Sustained coherence seems to elude the author. On Page 99 we hear about those “overblown or even false claims that the new law [ObamaCare] was raising premiums,” but three pages later we learn, “Big insurers like Aetna pulled out of the exchanges, reducing options, and insurers in most markets raised their premiums.” Oh. Republican opposition, which boils down to wariness of new spending while Obama is racking up more debt than the previous 43 presidents combined, doesn’t earn a rational counter-argument.

No, the GOP simply means “rage.” “Republican terror,” Chait writes, is “berserk” with a “fierce and even crazed tone” (this last describes Paul Ryan).

On Page 31, Chait declares “the simplistic initial hope of Obama’s giddy supporters that the symbolism of a black president could help heal, if not eliminate, racial prejudice turned out to have a real basis in fact.” But 20 pages back, he comes to the opposite conclusion: “racism continues to lurk deep in the American psyche,” “Americans had split once again into mutually uncomprehending racial camps,” “the continued existence of racism in American life has been confirmed by a library of social-science research.”

Only an Obama fanboy would argue, just as a fire is going out, that the whole forest is about to burn down.

Meanwhile, current polling on the matter is clear. American worries about race relations, which had been stable for nearly 20 years, increased markedly in Obama’s second term, reaching a new high last spring, while the president’s approval rating on race issues, which was very high when his first term began, has ranged from 48 percent to a low of 26 percent for the last seven years or so, according to Gallup.

Chait grouses that the 2009 stimulus was dismally small and admits that the Republican critique of it as funding “a wish list of long-standing Democratic policies” had “an element of truth.”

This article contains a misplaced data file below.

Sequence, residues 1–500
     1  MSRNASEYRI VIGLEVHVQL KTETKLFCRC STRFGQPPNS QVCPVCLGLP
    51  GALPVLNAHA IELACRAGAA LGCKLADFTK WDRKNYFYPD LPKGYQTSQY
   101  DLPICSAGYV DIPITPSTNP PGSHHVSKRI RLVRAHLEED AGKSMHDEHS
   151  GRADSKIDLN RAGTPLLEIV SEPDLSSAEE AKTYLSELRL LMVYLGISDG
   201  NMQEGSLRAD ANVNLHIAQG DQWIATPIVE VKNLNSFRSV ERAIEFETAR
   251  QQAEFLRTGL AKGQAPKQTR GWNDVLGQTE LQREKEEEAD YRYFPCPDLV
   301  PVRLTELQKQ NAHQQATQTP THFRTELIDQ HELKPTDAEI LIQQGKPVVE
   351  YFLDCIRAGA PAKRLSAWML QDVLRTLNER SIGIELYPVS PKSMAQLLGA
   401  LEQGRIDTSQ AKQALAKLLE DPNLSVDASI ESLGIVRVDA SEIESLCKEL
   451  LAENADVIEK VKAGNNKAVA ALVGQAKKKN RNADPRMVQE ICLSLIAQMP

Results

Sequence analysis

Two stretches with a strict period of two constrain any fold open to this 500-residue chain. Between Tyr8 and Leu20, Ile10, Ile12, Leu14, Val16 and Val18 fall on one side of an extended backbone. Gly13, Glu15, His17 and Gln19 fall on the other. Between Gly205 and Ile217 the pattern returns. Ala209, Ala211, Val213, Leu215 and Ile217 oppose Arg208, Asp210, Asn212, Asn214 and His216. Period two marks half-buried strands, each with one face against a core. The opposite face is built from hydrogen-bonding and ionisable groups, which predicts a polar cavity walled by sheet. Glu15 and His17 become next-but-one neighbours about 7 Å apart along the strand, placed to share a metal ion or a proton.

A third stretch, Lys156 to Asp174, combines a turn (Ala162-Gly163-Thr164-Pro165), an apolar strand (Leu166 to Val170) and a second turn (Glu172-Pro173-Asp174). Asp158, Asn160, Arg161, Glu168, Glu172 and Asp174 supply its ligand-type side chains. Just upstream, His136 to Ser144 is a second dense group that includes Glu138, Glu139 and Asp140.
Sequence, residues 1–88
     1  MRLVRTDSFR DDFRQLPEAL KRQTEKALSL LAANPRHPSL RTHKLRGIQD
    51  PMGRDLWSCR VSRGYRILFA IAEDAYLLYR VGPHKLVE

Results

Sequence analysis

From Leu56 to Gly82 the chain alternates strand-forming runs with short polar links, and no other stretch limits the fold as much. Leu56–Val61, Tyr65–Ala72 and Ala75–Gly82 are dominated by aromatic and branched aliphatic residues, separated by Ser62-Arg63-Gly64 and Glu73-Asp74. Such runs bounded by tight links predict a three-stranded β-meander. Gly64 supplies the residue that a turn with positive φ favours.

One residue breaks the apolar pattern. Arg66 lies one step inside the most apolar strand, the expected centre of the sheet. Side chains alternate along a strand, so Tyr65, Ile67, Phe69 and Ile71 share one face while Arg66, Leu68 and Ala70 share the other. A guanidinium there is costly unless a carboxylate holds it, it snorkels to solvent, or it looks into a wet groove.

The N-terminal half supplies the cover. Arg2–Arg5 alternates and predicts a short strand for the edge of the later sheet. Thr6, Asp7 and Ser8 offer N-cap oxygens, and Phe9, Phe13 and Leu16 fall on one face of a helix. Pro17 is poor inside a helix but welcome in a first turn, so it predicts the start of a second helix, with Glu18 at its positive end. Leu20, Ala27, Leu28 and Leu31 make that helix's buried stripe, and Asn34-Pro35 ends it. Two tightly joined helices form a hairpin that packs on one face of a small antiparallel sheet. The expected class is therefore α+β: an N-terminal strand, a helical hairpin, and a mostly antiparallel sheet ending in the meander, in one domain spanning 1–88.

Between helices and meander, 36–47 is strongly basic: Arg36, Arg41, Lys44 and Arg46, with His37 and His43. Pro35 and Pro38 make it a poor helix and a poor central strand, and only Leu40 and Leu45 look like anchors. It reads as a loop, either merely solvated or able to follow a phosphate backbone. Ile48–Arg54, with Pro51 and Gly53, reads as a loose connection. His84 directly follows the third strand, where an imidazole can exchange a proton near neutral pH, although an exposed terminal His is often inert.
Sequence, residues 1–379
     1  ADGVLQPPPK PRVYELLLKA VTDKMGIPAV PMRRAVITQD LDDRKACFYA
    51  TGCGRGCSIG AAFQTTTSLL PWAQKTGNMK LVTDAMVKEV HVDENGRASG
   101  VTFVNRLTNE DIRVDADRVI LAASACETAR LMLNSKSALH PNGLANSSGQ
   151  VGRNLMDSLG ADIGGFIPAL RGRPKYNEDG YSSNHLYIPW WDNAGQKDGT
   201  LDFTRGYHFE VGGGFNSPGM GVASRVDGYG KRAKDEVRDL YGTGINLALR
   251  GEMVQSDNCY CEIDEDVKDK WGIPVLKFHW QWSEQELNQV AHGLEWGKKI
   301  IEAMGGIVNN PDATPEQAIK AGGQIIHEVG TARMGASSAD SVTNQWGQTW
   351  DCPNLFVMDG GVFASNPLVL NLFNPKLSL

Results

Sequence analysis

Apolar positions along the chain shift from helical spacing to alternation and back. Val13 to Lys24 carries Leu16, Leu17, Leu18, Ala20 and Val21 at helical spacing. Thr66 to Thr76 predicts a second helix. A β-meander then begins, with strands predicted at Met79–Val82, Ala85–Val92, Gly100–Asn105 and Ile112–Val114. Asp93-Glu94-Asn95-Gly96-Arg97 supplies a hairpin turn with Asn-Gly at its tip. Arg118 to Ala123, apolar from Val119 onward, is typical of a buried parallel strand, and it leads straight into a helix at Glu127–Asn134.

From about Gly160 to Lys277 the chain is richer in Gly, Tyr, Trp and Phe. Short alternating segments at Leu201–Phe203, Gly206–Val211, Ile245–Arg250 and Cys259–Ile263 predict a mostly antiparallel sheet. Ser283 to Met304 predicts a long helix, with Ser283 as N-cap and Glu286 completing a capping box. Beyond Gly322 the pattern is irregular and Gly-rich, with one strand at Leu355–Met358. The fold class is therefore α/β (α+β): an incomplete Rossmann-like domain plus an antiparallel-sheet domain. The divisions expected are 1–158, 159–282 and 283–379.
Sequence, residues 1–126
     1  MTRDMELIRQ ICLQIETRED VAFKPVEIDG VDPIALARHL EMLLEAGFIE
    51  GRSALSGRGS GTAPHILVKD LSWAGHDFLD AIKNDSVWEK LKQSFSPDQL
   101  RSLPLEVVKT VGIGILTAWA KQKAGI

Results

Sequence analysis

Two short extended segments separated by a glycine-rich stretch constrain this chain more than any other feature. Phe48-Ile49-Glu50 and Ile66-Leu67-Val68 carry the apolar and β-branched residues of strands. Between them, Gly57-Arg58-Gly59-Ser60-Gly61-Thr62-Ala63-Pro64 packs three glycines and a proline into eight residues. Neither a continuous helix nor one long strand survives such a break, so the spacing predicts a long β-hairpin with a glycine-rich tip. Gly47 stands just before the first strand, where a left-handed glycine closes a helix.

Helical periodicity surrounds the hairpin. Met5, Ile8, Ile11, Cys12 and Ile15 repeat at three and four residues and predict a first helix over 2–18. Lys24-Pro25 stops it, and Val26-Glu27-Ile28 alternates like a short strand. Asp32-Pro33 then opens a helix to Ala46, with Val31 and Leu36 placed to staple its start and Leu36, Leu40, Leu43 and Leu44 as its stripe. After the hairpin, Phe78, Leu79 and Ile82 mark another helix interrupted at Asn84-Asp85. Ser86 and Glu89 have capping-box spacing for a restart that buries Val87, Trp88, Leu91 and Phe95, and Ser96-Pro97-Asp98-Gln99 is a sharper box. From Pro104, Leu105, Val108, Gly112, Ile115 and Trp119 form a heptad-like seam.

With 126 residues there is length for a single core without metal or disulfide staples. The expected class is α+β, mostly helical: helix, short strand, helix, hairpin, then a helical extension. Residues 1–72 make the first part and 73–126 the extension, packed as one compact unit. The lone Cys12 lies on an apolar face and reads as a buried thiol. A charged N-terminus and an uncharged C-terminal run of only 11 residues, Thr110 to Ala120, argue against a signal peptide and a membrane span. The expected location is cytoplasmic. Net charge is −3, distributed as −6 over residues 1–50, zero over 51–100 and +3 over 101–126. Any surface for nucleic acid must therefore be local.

Yet he also celebrates it as saving us from depression. Really? The downturn actually ended in June 2009 as the first stimulus checks were being signed. Only an Obama fanboy would argue, just as a fire is going out, that the whole forest is about to burn down.

Moreover, deep recessions (such as the 1981-82 one) that cause people to cut way back are generally followed by booming rebounds. This one wasn’t. Far from turbo-charging the economy, the stimulus was such a dud that five years after the recovery began, 72 percent of Americans said in a poll that they thought we were still in a recession. “The stimulus ultimately failed to do what America expected it to do — bring about a strong, sustainable recovery,” wrote Michael Grabell of ProPublica.

That’s hard to dispute given the sluggishness of the recovery — economic growth has been by far the weakest of any post-recession period since World War II. But Chait has zilch to say about that. Nor does Chait mention that Obama is the first president since Herbert Hoover to fail to preside over a single year of 3 percent growth. But hey, Obama fans, stay in your bubble. It’s cozy there.

Sealing himself off certainly didn’t work for the Bubble President, though. President Obama entered office thinking: “They love me! So they’ll love everything I do!” No. He had no backup plan for what to do if Congress became less than generous with the rubber stamp. Virtually every president has to negotiate with Capitol Hill — Ronald Reagan faced hostile Democrats in the House for his entire presidency — but Obama thought horse-trading was beneath him.